Tree Genetics & Genomes

, 15:72 | Cite as

Independent QTL underlie resistance to the native pathogen Quambalaria pitereka and the exotic pathogen Austropuccinia psidii in Corymbia

  • Jakob B. Butler
  • Brad M. Potts
  • René E. Vaillancourt
  • David J. Lee
  • Geoff S. Pegg
  • Jules S. FreemanEmail author
Original Article
Part of the following topical collections:
  1. Disease Resistance


Fungal diseases such as the exotic myrtle rust (Austropuccinia psidii), and the native Quambalaria shoot blight (QSB; caused by Quambalaria species including Q. pitereka), constitute a significant threat to both native forests and Corymbia plantations in Australia and overseas. We here use quantitative trait loci (QTL) analysis to understand the genetic architecture of resistance to these pathogens in C. torelliana and C. citriodora subsp. variegata. QTL analysis was undertaken using 360 genotypes from two F1 crosses of C. torelliana × C. citriodora subsp. variegata, phenotyped by controlled inoculation with the strain of A. psidii present in Australia and independent inoculations with two strains of Q. pitereka (QSB1 & QSB2). A total of 22 QTL were identified, six for rust and 16 for QSB. The QTL for resistance to A. psidii and Q. pitereka in these pedigrees were independent from one another since they were generally in different parts of the genome, with only one case of co-location (QTL peak location within ± 2 MB). The QTL for the different QSB strains all mapped to discrete locations. The QTL for QSB were generally of a greater effect size than those for A. psidii. Several co-locations with QTL for resistance to rust and other fungal pathogens found in another eucalypt, Eucalyptus globulus, were detected and the implications of this observation are discussed.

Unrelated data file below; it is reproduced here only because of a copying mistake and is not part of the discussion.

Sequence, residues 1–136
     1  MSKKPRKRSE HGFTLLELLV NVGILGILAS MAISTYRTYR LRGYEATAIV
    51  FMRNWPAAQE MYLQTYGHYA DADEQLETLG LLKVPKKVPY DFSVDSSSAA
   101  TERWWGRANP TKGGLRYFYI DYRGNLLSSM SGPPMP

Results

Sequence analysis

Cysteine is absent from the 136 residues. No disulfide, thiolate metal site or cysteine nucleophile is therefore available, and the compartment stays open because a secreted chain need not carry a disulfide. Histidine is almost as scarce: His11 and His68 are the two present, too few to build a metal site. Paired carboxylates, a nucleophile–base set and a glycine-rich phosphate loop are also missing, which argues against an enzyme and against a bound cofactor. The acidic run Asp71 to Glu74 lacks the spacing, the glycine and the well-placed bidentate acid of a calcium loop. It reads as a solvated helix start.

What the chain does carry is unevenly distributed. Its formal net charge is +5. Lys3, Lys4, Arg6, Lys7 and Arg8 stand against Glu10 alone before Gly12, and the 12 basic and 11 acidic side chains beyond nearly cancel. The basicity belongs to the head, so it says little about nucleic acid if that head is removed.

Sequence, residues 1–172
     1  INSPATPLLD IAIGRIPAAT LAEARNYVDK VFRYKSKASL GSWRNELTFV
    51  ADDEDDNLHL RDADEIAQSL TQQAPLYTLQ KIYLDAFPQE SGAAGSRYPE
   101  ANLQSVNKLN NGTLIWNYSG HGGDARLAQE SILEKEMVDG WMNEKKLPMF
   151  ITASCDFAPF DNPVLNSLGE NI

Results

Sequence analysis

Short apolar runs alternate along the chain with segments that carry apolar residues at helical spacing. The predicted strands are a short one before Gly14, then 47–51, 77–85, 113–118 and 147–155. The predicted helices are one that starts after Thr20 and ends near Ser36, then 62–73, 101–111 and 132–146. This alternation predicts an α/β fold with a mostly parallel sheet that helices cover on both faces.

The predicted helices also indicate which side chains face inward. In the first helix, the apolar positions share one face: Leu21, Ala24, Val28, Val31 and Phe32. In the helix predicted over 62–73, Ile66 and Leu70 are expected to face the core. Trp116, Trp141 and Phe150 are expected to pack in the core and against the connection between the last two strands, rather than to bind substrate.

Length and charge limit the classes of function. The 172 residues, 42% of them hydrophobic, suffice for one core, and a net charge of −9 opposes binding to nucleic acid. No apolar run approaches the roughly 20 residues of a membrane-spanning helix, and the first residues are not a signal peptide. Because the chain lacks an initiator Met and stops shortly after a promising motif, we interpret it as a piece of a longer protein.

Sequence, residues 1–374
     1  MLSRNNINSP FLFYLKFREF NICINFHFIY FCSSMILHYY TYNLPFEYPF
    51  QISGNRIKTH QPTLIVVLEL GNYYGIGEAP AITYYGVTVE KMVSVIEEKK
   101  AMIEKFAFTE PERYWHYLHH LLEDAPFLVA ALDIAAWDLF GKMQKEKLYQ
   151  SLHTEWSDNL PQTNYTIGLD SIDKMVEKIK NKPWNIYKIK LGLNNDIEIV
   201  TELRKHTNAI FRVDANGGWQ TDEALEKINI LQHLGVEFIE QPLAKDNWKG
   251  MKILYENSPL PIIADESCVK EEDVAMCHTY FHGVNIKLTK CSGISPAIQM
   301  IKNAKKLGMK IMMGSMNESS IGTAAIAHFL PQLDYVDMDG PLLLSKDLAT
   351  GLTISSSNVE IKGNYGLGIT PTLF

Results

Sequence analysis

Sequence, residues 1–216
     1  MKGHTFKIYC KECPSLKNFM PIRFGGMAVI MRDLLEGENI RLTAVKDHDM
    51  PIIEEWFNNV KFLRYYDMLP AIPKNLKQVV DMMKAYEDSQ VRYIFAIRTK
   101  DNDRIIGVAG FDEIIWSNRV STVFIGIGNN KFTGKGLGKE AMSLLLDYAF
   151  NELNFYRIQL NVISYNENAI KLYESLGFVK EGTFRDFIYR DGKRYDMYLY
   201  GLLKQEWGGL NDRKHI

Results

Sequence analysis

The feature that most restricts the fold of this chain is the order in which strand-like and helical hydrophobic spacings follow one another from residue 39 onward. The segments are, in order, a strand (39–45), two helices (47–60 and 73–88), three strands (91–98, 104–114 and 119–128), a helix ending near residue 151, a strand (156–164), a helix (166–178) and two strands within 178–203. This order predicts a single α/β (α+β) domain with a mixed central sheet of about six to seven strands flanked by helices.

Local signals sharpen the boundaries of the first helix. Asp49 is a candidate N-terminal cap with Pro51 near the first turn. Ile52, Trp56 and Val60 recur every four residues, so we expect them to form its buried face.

QTL Corymbia Eucalypt Myrtle rust Quambalaria shoot blight Austropuccinia psidii 



The authors wish to thank Ben Gosney for his advice regarding methods to evaluate QTL co-location, Mervyn Shepherd for his contributions to the genetic mapping of the Corymbia cross and DAF staff John Oostenbrink and Tracey Menzies for field and nursery work associated with the study.

Funding information

This work was supported by the Australian Research Council (grant numbers DP140102552, DP110101621) and an Australian Government Research Training Program Scholarship.

Data archiving statement

New marker sequences are presented in the Online Resources. The Corymbia citriodora subsp. variegata genome assemblies will be published in the Comparative Genomics database ( when the associated paper is prepared.

Supplementary material

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Copyright information

© Springer-Verlag GmbH Germany, part of Springer Nature 2019

Authors and Affiliations

  1. 1.School of Natural SciencesUniversity of TasmaniaHobartAustralia
  2. 2.ARC Training Centre for Forest ValueUniversity of TasmaniaHobartAustralia
  3. 3.Forest Industries Research CentreUniversity of the Sunshine CoastMaroochydore DCAustralia
  4. 4.Department of Agriculture and FisheriesEcosciences PrecinctBrisbaneAustralia
  5. 5.ScionRotoruaNew Zealand

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